For their part, the cast tries their best to do something with their minimal roles. Weeks is a standout as a young woman possessing “two PhDs and a masters” but still willing to admit when she’s wrong. More than that, she’s a woman of science, who, when pressed into action, doesn’t falter. She’s haunted by the memory of her father, whose similar quest led to madness, but that never slows her down, even when these memories begin to appear spookily underground. Ben Feldman, from “Mad Men,” also seems to be enjoying the more rudimentary requirements of playing the dude who is dragged into the adventure unwillingly (maybe he can’t resist the way that Weeks wears oversized cable knit sweaters that slide seductively off of her shoulders). Francois Civil is an unalloyed joy as the scummy Parisian tour guide who is, of course, only in after being told there will be some kind of treasure. It should also be noted that Civil’s performance is the only glimmer of humor in the entire movie; even when things get profoundly ludicrous, “As Above, So Below” keeps a sternly straight face.

It’s just a shame that the filmmakers, brothers John Erick Dowdle and Drew Dowdle, who were last responsible for the sort-of-underrated Satan-in-an-elevator yarn “Devil,” had to fall back on so many hoary tropes in the third act. The duo can definitely establish mood and atmosphere in brief, effective bursts, and the initial descent into the catacombs is full of creepy texture (an eerie telephone rings in the distance, a backpacker offers a helpful suggestion and then disappears, a group of cultish women sing something that sounds like it came off the soundtrack to “2001: A Space Odyssey”). But it’s almost like they too find themselves driven into an inescapable tunnel, and instead of inventively trying to come up with a way to escape, they stumble backwards, stockpiling the derivative images (ghostly figure in a hooded robe alert!) and letting character motivation and thematic resonance fall by the wayside. This is even more disappointing when there are so many possibilities for reality-based terror along the wayrunning out of battery for your flashlight, becoming dehydrated and severe disorientation seem like pretty good foundations for suspenseful set pieces and nerve-jangling terror. But instead the appearance of an otherworldly Volkswagen seems preferred.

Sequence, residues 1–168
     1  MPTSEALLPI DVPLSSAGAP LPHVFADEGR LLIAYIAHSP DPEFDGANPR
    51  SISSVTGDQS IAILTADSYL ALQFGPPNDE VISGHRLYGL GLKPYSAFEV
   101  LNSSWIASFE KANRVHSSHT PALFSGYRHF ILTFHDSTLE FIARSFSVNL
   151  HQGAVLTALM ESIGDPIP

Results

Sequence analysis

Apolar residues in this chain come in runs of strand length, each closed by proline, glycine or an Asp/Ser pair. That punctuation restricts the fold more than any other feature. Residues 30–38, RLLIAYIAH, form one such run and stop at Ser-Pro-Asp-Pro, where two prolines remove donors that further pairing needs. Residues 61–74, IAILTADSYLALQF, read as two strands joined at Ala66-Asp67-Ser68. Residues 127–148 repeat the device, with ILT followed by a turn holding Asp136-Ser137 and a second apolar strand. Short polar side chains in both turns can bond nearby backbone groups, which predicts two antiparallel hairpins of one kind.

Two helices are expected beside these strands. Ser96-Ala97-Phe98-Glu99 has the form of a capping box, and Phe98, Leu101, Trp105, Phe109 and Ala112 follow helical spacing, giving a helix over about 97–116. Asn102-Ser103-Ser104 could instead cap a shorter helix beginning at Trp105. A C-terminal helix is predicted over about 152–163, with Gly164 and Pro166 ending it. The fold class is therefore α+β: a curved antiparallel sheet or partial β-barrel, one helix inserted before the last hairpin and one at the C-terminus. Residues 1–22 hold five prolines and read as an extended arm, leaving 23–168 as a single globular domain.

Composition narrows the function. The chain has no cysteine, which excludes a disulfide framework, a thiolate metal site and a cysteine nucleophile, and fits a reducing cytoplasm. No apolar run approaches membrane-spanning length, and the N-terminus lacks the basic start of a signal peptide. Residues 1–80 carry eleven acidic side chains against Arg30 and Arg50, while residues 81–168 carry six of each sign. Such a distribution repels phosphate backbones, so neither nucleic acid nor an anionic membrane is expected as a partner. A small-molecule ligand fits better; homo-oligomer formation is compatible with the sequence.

At one point a character makes the ominous observation that “The only way out is down,” and unfortunately the film follows a similar trajectory. If the Dowdle Brothers had invested a little more time in their characters and played around more robustly with the idea that whatever you bring into the caves with you, either psychologically or emotionally, will end up snuffing you out much sooner than a collapsed wall or vaguely defined rock monster, then “As Above, So Below” could have been a minor genre triumph. As it stands, it offers a handful of effective moments and some characters that are fun to watch squirm through muck and bones, but not much more than that, especially when the films spins out of control towards its conclusion. “As Above, So Below” ends up feeling suffocating, but not in the way that it should. [C]